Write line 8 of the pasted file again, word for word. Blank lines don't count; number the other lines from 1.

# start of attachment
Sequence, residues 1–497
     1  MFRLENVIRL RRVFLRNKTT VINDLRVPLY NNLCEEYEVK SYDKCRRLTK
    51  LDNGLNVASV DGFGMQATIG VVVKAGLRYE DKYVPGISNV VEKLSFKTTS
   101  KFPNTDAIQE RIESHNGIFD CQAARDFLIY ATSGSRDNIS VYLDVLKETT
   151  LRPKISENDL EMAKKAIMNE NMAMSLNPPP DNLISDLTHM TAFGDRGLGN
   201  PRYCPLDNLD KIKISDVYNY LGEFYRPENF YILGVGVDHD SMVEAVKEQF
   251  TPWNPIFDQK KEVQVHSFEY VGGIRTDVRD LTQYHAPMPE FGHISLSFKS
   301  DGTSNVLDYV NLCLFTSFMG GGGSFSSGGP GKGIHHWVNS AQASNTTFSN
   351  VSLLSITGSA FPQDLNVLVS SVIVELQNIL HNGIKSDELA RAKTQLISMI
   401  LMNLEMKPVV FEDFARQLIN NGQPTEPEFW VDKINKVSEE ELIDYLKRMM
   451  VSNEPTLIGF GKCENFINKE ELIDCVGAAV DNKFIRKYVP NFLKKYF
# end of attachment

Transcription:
   301  DGTSNVLDYV NLCLFTSFMG GGGSFSSGGP GKGIHHWVNS AQASNTTFSN